The tempestuous case for public stream access in Utah is headed back to the state Supreme Court on Monday. And following a multi-year long battle between the Utah Stream Access Coalition (USAC) and private entities, a finish line now appears to be within reach.

"It’s been a grassroots explosion that’s brought everybody into the room to argue for their constitutional rights to access and fish these rivers," says USAC Director, Chris Barkey. "If you value your state constitution, it’s up to all of us to make sure it’s followed when legislation is passed. That’s our goal here.”

The 5,000-member coalition has been pushing for an "amicable, permanent legislative solution" since 2010, using the legal process to ensure anglers can access rivers from a public right of way, and can then fish those same waters through stretches of private property, as long as they remain below an established high-water mark.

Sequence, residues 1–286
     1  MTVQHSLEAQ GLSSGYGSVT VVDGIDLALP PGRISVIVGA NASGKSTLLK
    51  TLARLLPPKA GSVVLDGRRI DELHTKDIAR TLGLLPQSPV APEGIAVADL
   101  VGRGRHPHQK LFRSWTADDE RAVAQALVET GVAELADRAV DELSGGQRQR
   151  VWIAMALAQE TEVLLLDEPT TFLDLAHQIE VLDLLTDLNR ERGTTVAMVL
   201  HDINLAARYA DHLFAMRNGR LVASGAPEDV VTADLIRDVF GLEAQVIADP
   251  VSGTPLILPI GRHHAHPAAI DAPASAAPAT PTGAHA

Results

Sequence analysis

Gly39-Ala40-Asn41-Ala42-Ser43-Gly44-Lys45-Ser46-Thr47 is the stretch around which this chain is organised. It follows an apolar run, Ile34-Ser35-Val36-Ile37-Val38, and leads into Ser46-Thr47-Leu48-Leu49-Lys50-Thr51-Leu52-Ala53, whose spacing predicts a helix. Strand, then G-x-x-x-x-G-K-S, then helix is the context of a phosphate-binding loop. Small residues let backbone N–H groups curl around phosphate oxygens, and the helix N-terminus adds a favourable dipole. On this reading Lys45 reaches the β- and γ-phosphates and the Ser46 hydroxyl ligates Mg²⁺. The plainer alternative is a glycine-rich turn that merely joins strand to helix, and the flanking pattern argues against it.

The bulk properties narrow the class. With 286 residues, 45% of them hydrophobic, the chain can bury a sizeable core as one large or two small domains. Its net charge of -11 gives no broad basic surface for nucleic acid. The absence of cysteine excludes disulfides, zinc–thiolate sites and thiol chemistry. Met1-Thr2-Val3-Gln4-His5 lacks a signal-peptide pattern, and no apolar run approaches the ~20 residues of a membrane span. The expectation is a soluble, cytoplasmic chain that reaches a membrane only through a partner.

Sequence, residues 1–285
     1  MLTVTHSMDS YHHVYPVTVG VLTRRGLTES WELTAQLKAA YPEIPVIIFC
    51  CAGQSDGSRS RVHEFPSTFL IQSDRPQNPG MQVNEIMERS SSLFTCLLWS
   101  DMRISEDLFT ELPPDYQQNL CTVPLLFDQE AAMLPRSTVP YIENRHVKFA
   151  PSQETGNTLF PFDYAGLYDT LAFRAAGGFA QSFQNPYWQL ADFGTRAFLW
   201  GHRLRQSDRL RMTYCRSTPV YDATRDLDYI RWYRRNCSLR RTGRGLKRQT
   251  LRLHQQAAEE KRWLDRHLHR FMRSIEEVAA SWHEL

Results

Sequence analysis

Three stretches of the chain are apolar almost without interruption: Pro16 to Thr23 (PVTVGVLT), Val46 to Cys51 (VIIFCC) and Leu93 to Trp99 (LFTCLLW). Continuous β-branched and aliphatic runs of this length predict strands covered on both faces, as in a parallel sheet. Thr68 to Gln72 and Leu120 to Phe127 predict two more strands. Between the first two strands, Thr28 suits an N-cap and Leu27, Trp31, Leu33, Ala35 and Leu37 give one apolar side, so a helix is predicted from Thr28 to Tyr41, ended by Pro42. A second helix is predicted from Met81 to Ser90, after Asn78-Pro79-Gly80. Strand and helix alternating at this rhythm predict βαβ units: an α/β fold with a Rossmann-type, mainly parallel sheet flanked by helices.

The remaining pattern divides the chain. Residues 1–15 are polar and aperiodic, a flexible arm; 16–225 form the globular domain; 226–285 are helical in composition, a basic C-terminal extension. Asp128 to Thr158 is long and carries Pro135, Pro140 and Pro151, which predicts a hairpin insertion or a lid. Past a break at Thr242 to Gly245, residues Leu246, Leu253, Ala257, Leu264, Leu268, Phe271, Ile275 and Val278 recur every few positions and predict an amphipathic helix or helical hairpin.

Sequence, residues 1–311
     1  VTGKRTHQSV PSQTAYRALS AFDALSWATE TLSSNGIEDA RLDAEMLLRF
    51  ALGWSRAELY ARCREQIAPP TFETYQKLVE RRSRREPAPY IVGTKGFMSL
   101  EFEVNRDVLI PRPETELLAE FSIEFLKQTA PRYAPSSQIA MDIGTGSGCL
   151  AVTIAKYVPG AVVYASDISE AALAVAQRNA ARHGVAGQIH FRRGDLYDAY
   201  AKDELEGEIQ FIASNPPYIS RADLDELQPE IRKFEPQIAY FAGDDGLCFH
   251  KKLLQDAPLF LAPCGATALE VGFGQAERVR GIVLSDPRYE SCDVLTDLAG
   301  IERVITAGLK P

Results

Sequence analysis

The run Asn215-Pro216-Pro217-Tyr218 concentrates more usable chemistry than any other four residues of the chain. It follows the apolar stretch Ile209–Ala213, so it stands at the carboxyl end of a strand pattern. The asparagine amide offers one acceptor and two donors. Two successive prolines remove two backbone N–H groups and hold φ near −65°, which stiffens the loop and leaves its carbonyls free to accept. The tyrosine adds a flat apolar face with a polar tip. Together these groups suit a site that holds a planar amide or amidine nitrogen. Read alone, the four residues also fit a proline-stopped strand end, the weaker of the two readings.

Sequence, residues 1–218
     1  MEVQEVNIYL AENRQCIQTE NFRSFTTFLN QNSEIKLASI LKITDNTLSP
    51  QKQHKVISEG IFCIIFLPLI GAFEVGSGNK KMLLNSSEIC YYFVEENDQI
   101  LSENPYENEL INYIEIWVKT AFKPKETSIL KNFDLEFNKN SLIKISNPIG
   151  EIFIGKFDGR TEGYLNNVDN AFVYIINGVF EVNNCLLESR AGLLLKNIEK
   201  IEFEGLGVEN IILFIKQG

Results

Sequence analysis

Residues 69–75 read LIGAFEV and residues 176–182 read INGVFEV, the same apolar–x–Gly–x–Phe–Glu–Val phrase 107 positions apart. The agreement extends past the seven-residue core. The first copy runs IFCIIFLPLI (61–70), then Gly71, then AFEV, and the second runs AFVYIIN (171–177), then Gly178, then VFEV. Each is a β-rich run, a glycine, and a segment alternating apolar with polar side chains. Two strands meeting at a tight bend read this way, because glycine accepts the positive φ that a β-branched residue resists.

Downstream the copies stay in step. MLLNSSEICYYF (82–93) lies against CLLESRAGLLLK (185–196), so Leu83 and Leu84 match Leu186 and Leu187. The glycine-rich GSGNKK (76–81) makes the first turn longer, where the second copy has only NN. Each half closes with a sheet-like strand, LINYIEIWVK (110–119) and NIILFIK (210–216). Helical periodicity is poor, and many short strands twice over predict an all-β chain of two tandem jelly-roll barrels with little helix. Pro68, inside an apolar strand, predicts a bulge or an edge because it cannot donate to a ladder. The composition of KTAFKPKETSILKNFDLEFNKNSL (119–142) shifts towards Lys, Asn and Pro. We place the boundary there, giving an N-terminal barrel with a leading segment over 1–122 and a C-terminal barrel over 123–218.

Utah's constitution agrees. It says that the public owns both the water and the ability to access it via easements. Opponents, on the other hand, including the State of Utah and a coalition tied to the Utah Farm Bureau, say the right of private property owners to control what happens on their land should prevail.

The high court will have the last word. Oral arguments in both the Public Waters (Provo) and Navigability (Weber) cases will be heard back-to-back on January 9. Says the USAC, "This is the end of the road for the two lawsuits we won in 2015." 

USAC members and all stream-access advocates are encouraged to attend the final arguments. Plan to be seated before the court convenes at 9:30 a.m.

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